Turkey said on Saturday it does nott want the Netherlands ambassador to return "for some time" as relations quickly deteriorated between the NATO allies after the Dutch government barred Turkey's foreign minister from flying to the country.
In response to the Netherlands' withdrawing landing permission, Turkey's President Recep Tayyip Erdogan accused the Dutch government of acting like "fascists" and "Nazi remnants".
Turkish authorities blocked the Dutch embassy and consulate as the dispute between the two countries over Turkey's political campaigning in Europe intensified. Turkey also closed off the residences of the Dutch ambassador, charge d'affaires, and consul general.
A senior Turkish foreign ministry official told Al Jazeera the moves were made "for security reasons".
"We do not want the Dutch ambassador, currently on leave, to return to his post for some time. It has been explained to our counterparts that this grave decision taken against Turkey and the Dutch-Turkish community will cause serious problems diplomatically, politically, economically and in other areas," the foreign ministry said in a statement.
Erdogan calls Dutch 'Nazi remnants' as rally row rages
Meanwhile, Fatma Betul Sayan Kaya, Turkey's family affairs minister, was blocked by Dutch police from entering the Turkish consulate in Rotterdam after she drove into the country, NOS News reported.
NOS broadcast footage of Kaya stepping out of a car in front of the consulate and being stopped by police when she tried to enter. She was not arrested.
"We ask European countries, especially the Netherlands, to immediately return to democratic values they say they defend - the freedom of expression, action and assembly. They suspended all of these," Kaya told Turkish state media by telephone.
The dispute first erupted after Dutch officials on Friday said they would not welcome a visit by Foreign Minister Mevlut Cavusoglu if he were to address a political rally in Rotterdam on Saturday.
There are some 300,000 people of Turkish origin in the Netherlands, and the rally was aimed at generating support among expats for an April 16 referendum over whether to give Turkey's president greater powers.
It is illegal in the Netherlands to hold rallies involving another country's politics, however.
On Saturday, the Dutch government said it had withdrawn landing permission for Cavusoglu's plane because of "risks to public order and security".
In response, Turkey summoned the Dutch envoy to Ankara in protest over the ban, while Erdogan promised retaliation against Dutch diplomatic flights.
"You can stop our foreign minister's plane all you want, let's see how your planes will come to Turkey from now on," Erdogan said at a rally in Istanbul on Saturday.
"They are Nazi remnants, they are fascists," Erdogan said, days after he angrily compared moves to block rallies in Germany to "Nazi practices".
Netherlands Prime Minister Mark Rutte called Erdogan's remark comparing the Dutch to the Nazis "crazy".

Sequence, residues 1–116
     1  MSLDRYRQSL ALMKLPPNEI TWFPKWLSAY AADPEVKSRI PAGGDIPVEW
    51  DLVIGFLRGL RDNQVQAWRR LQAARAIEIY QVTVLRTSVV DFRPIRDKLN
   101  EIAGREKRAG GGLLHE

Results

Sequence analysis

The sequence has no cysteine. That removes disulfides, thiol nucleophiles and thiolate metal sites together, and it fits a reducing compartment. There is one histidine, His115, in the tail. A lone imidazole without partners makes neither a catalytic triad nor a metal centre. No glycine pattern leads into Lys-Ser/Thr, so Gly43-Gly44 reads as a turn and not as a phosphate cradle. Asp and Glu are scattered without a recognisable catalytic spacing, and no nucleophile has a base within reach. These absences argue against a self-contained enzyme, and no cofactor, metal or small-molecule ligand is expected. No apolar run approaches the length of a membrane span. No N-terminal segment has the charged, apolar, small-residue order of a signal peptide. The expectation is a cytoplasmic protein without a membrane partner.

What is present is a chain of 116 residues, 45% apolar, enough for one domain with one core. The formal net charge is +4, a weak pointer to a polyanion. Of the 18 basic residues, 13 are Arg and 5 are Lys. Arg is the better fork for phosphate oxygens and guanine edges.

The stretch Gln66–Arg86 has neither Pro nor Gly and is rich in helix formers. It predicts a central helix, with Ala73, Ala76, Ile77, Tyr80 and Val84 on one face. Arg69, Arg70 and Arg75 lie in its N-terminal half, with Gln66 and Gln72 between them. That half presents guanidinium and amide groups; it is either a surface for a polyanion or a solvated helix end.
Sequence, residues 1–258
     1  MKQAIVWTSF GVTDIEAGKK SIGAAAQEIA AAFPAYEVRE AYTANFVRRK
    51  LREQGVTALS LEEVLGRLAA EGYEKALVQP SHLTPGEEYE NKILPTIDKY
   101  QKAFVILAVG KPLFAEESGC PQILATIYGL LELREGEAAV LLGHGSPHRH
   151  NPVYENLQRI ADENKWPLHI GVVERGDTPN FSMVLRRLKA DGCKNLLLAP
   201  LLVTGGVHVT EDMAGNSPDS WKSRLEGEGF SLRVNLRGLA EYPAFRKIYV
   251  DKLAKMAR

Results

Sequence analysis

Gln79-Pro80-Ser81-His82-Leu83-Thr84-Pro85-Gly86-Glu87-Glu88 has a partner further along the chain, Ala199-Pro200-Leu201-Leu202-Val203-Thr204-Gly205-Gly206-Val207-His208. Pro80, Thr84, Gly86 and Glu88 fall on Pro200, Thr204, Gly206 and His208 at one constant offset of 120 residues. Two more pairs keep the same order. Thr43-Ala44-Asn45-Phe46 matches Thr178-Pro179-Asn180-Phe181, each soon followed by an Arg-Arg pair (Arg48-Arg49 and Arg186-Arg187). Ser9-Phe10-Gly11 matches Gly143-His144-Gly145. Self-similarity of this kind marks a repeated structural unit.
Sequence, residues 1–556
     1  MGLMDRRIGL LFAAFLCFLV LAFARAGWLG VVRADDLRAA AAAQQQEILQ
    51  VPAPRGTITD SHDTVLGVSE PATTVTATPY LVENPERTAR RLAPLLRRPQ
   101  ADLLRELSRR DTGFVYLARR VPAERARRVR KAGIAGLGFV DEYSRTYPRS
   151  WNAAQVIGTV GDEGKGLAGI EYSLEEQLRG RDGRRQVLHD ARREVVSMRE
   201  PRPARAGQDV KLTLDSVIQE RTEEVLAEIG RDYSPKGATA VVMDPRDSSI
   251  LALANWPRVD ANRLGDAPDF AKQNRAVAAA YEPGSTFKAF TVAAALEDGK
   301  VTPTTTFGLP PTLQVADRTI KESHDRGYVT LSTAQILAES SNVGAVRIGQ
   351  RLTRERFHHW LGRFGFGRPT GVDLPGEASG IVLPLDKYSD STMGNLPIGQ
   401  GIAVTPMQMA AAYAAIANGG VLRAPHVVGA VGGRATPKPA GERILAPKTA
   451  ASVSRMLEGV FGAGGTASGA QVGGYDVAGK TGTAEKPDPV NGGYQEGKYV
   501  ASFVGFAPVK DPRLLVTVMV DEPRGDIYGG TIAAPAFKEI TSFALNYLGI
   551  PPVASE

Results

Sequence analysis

"I understand they're angry, but this, of course, was way out of line," he said.
Minister Mevlut Cavusoglu insists on Netherlands visit
The diplomatic dispute between the two NATO allies comes just days before the Netherlands goes to the polls in a March 15 election for the lower house of parliament.
The campaign has been dominated by issues of identity, with anti-Islam politician Geert Wilders set to make strong gains.
Wilders, speaking to Al Jazeera at a rally in the Dutch city of Heerlen on Saturday, said the moves by Erdogan and his ministers to campaign in foreign countries were "totally unacceptable".
"It is uncommon and unwanted that his minister would go and campaign in Holland for a referendum to change the constitution there to make him [Erdogan] more of a dictator. He should not be allowed here at all," said Wilders.
"And after him calling Dutch people Nazis and things like that, the Turkish ambassador should be extradited from the Netherlands immediately and retract our ambassador from Ankara today."
Erdogan also denounced Germany after Turkish leaders were prevented from rallying expats in several German cities in support of the referendum.
Many in Europe worry that Erdogan is capitalising on fears following a failed coup attempt in July to push through a more authoritarian system with few checks on his power.
Journalist and author Andrew Finkel, who has covered Turkey extensively, told Al Jazeera the spats with Europe play well to the electorate back home.
"As far as the Turkish government is concerned, they couldn't be happier than they are today. It's clearly an attempt to escalate the conflict," said Finkel.
The verbal sparring could have longer-term repercussions, however.
"It's a case of clear short-termism. They're trying to play this national card - much in the way that Geert Wilders is playing the nationalist card. But of course, what happens the day after that … Nobody is really thinking about that, because Europe is very important to Turkey."
Source: Al Jazeera News